posted by squirrel at 8:44 PM on November 16, 2004


Nothing constructive to add, I just wanted to wish both your friend and th3ph17 condolences on the losses.

I've never dealt with the loss of someone so young, and so my usual strategy of remembering the good times and all that Irish wake sort of thing doesn't really hold water. Sorry.
posted by livii at 9:08 PM on November 16, 2004


Provide practical support, yes. Cooking, cleaning, packing. But know your limitations - you are not a therapist or grief counselor. People with good intentions have the propensity to make things worse by talking too much and pulling emotional triggers. Avoid the mix tapes, the religious tracts, and the spa treatments until much later. It's a real vulnerable time, so don't smother; rather, enable.
posted by PrinceValium at 9:16 PM on November 16, 2004


Also finding light reading that doesn't have to do with children or death... maybe Jan Karon's books about the Episcopal priest and his congregation in North Carolina

My 55 year old chuchlady mom got *really* into Karon's books when her father passed last year, so I can def. recommend those for the right person.
posted by Ufez Jones at 9:33 PM on November 16, 2004


Great suggestions. Here's something else to try: listen to them. Do it individually w/ both parents (if that makes sense). Sit down, ask them if they want to talk about it (or anything), ask them an open ended question (So, how are you feeling about it all?), and just do that 'active listening' thing they try to teach you all the time. When they cry, just let them (don't encourage or discourage, just let it come out if it needs to). Same if they're mad.

Advice can be helpful to people in some situations, but I think w/ emotional trauma it's better to hear what they have to say than to tell them what to do. Condolences, I can't imagine loosing my little girl...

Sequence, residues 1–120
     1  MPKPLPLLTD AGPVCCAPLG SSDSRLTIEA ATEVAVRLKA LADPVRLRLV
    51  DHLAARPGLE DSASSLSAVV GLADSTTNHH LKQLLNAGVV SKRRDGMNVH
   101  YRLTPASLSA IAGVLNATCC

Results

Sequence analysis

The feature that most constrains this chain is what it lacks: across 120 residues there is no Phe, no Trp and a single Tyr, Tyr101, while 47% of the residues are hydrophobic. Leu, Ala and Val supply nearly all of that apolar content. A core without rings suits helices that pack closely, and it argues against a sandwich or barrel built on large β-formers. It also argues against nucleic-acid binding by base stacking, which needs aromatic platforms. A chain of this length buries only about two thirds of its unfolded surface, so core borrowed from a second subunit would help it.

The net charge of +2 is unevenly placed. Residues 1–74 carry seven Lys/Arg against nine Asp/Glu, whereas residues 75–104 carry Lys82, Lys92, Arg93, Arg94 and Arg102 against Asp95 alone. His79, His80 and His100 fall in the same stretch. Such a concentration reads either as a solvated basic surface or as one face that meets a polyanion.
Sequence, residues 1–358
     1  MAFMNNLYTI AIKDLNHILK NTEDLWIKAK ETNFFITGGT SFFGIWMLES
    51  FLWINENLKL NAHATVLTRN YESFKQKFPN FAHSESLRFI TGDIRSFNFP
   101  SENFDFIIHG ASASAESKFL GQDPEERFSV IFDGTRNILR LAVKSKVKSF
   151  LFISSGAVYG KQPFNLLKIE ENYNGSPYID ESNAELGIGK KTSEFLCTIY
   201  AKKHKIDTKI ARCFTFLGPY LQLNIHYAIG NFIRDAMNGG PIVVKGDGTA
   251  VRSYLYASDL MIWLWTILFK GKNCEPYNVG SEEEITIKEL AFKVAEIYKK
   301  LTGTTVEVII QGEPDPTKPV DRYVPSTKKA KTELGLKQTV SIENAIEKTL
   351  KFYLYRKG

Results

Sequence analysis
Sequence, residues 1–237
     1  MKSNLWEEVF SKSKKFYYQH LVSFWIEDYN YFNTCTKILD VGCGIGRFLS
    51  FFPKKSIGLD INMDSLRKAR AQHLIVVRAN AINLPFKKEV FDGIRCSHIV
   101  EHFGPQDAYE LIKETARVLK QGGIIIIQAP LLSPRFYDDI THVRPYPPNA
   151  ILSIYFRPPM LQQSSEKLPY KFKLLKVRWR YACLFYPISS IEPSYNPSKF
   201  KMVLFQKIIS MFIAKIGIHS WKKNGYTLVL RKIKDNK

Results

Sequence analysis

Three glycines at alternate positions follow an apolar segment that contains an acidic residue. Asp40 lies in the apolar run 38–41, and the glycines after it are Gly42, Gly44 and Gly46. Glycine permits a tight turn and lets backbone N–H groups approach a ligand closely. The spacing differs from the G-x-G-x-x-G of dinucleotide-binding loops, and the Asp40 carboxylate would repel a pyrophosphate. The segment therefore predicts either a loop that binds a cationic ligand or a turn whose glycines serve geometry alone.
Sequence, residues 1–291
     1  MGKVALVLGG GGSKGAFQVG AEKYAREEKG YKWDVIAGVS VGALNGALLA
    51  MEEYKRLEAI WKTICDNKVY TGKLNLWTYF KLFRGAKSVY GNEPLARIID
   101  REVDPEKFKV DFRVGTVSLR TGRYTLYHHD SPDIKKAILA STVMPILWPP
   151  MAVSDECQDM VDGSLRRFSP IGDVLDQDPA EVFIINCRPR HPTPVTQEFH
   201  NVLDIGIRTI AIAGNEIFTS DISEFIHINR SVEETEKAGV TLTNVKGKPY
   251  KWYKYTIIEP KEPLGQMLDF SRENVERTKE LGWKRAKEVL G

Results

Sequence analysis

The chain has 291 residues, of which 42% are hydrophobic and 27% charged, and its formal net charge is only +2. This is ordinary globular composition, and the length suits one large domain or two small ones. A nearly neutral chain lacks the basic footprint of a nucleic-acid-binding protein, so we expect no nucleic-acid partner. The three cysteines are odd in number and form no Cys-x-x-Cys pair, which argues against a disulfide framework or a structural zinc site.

posted by daver at 9:52 PM on November 16, 2004


Stick around, pick up the clues as to how they feel, if you pick up hints they need space i'm sure you'll know what to do. I am very sorry to hear about that.
posted by Keyser Soze at 10:50 PM on November 16, 2004


When my father passed away, I mostly wanted to get on with my life. People watching warily, as if I might break out in tears at the slightest provocation was annoying/depressing in itself.
YMMV, but my close friends let me know there were there for me (as did my boss at the time) and that was enough.
posted by black8 at 2:43 AM on November 17, 2004


My husband and I lost our first child shortly after her birth. The loss was unexpected and devastating. (We were never able to bring her home from the hospital.) Having a network of caring family and friends around was absolutely the difference between a recovery process that took too long and one that may have taken far too long.

Please ask before assuming that the family will want gifts of food or housekeeping help. Personally, I was particularly helped by someone (I don't know who, to this day) who got my grocery list from my fridge (with my husband's blessing) and did our shopping. After everything quieted down, as it probably has by now for your friends, I wanted to cook and try something like a daily routine at home, but the idea of going out to the store (or anywhere) and seeing mothers with their babies froze me in a cold panic. (That's fairly common for bereaved parents.) Someone took care of that for me for a couple of weeks, and ran other little errands for me (post office, etc.) and left me to tend to my own home. That gave me the privacy and dignity I needed to regain the strength necessary to get back to and through everyday life.

One of the big ways you can really help them to help you to help them (whoo!) is to ask concrete questions that will let them make a quick and easy binary yes or no assessment of "do I need that?" Instead of "How can I help?" try "Would it be helpful if I [insert idea]?" or "Can I [insert idea] for you?" or words to that effect. If you ask "How can I help?" the first answer you're likely to get is "I don't know," because truly, they may not.
posted by Dreama at 7:17 AM on November 17, 2004 [1 favorite]


When our daughter was born she had a stroke, Down syndrome, pneumonia and a few other complications. We were given the assessment like it was a funeral and we took it like a death of the child we imagined we would have. It took us several months to get over the grief, but we had an accelerant: an adorable little girl. The biggest help? Supportive people who made it clear that they would be with us no matter what and people to listen. It was hard to accept help for laundry and housecleaning, but we needed it.